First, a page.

Khushwant Singh can be described as one of India’s most noted and influential, Journalist, writer and lawyer. The man was an inspiration for many due to his biting humour, witty sarcasm and his ability to stand up for what he felt was wrong. Khushwant Singh has seen and been through some of the toughest times in India and his literary work is a living proof of all that.
Singh can simply be described as an icon and inspiration for many budding writers, all around the world. He was a talented and hardworking man who out outperformed on every turn in his life. The man was a lawyer, journalist and writer, but all of this didn’t stop him from being a man with an immense love for humour in life.
Singh was also one of the most widely read columnists in the country. His column “With Malice Towards One and All”, can be considered one of the highlights of his career that brought him closer to his readers and to every normal person.
We have decided to congregate some of his best novels and literary work. If you haven’t read these ones, we would definitely recommend you to do so.
*Disclaimer: we have randomly curated the list and numbers don’t mean anything, we haven’t rated the novels.
1. Delhi: A Novel (1990)
Delhi: A Novel, has been defined as “History in the garb of Erotica”, which revolves around the tale of Delhi’s history. The novel moves two different time phases, the present and the past, the author talks about the history of Delhi and takes us along his sex and love life with Bhagmati, a sex worker.
2. India: An Introduction (1998)
Another novel by Khushwant Singh that takes you on a journey, from the ancient times to the present. However, this time the author tells the story of the land and its people from the earliest time, the time of civilisation. The story is written in the most detailed and authentic way possible about the turmoil that India has been through.
3. The Sunset Club (2010)
The Sunset Club is a story about three friends who have known and been in each other’s company from past 40 years. Pandit Preetam Sharma, Sardar Boota Singh and Nawab Barkatullah Baig are now in their 80’s and every evening, at the sunset hour, the three of them sit together at the Lodhi Garden on a bench and exchange their news and views on what’s happening around them. Their daily exchange includes everything, love, scandal, religion, lust and politics. The book would help one to know what do old people think and talk about with their friends, how they have taken the advances of the world and everything else around them.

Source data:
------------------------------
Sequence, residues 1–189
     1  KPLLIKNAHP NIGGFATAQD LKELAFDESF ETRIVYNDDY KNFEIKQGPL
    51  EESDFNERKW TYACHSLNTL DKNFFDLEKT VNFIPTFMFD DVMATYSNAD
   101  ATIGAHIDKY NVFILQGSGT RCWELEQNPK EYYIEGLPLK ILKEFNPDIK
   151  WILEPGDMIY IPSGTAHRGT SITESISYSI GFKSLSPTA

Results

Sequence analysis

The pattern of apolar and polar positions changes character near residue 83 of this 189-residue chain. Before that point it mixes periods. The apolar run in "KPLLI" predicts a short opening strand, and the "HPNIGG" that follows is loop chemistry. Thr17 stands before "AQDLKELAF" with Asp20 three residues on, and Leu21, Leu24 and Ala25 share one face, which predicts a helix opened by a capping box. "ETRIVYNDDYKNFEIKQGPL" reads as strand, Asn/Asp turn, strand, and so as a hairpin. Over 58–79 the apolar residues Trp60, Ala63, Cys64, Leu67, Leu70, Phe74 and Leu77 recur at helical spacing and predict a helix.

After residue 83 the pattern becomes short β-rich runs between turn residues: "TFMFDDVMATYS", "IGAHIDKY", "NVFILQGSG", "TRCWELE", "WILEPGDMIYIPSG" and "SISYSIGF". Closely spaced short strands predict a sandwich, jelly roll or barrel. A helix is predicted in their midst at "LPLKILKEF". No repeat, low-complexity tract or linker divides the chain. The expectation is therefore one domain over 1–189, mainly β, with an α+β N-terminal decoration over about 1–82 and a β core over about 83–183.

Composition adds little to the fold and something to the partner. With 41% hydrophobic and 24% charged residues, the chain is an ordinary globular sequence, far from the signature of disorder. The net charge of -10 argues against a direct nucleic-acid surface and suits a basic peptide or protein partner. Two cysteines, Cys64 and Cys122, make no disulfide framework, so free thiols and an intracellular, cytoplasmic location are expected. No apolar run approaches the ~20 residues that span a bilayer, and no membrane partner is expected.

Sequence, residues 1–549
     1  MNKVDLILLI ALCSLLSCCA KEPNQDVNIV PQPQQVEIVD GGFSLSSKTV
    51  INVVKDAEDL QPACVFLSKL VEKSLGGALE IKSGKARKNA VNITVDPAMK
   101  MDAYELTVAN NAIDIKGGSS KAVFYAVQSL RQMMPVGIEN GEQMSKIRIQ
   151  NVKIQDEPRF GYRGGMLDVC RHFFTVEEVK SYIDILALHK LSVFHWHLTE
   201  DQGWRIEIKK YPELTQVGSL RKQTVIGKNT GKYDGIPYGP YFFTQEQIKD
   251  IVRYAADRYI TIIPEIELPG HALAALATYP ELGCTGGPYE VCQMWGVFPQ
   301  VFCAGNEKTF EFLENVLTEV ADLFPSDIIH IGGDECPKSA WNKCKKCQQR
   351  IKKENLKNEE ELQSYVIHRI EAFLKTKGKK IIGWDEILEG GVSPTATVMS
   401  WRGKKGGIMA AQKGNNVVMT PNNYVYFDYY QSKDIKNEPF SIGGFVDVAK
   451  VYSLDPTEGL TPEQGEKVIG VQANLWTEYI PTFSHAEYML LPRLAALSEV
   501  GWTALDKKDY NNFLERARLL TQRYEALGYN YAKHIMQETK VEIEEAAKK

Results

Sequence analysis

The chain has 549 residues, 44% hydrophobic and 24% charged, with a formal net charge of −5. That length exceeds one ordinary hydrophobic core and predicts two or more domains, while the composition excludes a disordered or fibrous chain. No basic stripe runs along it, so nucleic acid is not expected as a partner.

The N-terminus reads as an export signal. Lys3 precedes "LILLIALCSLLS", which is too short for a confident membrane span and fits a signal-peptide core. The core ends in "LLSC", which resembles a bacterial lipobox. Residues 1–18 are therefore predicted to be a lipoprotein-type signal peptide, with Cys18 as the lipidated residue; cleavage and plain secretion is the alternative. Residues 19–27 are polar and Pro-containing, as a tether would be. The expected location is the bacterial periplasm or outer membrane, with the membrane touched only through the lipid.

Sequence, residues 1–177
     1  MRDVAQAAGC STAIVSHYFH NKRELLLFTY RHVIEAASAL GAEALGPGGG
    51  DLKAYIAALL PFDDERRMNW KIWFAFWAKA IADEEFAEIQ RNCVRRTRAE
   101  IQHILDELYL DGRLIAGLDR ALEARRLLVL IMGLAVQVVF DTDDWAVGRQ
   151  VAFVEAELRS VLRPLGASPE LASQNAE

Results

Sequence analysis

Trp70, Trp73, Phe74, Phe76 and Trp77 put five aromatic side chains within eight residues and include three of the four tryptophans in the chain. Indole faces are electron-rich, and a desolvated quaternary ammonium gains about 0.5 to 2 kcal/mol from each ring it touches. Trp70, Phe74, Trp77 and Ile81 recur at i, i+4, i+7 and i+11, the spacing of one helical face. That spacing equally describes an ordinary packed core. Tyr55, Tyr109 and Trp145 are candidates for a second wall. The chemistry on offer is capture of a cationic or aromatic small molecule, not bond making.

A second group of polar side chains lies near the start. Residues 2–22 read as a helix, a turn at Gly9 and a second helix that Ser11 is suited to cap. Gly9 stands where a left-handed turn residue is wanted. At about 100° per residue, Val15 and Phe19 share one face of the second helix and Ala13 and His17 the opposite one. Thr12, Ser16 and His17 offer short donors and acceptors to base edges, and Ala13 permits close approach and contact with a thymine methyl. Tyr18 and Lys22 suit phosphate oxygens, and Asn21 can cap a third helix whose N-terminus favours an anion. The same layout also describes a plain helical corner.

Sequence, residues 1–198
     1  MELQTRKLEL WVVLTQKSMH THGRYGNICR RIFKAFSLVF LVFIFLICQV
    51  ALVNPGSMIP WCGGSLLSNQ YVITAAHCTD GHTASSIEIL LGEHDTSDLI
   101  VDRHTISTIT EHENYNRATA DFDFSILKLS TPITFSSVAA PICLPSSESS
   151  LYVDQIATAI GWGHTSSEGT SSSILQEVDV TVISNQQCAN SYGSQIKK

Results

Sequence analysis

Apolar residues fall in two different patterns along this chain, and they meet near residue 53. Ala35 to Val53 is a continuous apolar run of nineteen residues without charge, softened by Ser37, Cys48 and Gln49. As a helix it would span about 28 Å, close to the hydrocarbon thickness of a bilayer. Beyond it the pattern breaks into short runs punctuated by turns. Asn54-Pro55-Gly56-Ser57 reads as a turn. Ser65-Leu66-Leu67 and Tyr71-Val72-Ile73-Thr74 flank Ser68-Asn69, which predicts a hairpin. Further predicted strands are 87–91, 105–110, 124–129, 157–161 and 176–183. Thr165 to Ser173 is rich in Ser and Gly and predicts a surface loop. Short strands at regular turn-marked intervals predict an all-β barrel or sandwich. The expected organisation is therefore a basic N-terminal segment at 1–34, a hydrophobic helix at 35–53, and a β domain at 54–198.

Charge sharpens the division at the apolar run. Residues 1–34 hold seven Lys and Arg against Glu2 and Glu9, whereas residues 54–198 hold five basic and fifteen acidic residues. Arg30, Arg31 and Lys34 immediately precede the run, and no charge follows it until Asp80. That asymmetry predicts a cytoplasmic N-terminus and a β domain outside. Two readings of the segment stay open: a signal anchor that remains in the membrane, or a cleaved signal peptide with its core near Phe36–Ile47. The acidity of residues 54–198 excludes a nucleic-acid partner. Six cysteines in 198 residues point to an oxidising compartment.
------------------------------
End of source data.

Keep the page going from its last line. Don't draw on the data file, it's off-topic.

4. Truth, Love and a Little Malice: An Autobiography (2002)
This is an autobiography which means one would be able to know the Khushwant Singh by his words and experiences. The book is captivating for anyone who wants to have a deep look inside the author’s early life and mind while growing up in the pre and post independent India. Apart from a rich background of the author, one would be accompanied by Singh’s popular humour, throughout the book.
5. I Shall Not Hear The Nightingale (1959)
This was the second novel of Khushwant Singh’s career and also one of the widely acclaimed, which is set in Amritsar, Punjab when India was at its peak of freedom from the British Raj. The book revolves around the lives of Sardar Buta Singh and his family that consists of his son, wife and sister. The narration of the book is simple, which has been Singh’s forte.
6. Train To Pakistan (1956)
Train To Pakistan is described as one of India’s historical novels that tells the horror and pain of the India and Pakistan partition, and how it deeply affected the lives of millions of people. The book not only carries the political affairs but also the lives that went through all of it in the most authentic way possible.
7. Why I Supported The Emergency (2009)
The book is a work of nonfiction that consists essays on one of the darkest times in India’s history, when the freedom of the press was curtailed by the government, and why the author supported the move. One can find compiled profiles on some of the most important people and historical figures in the country that includes, the then Prime Minister Indira Gandhi, Jawaharlal Nehru, G.D. Birla, Jinnah and many poets, writers and even Phoolan Devi and Bandit Queen.
8. Women And Men In My Life (1995)
This novel covers the author’s life and the people in his life. The people that he has met and fallen out with and the one he befriended during the course of his career.
9. A History Of The Sikhs (1963)
As the name said, the book spans over the Sikh history that starts with how the religion came into existence and till the end of Sikh empire. The book is written in Khushwant Singh’s trademark style and everything in the book is supported with detailed references. One can almost consider the book to be untainted, detailed and quick read on Sikh history.
10. The Good, The Bad And The Ridiculous (2013)
The book consists of essays on some of the most prolific and iconic figures in Indian history. Anyone who is interested in twentieth-century India’s history, politics and socio-economic scenario, can reach out for the book. It almost gives an insight about the people who we have read about in history books or newspapers and have seen on television.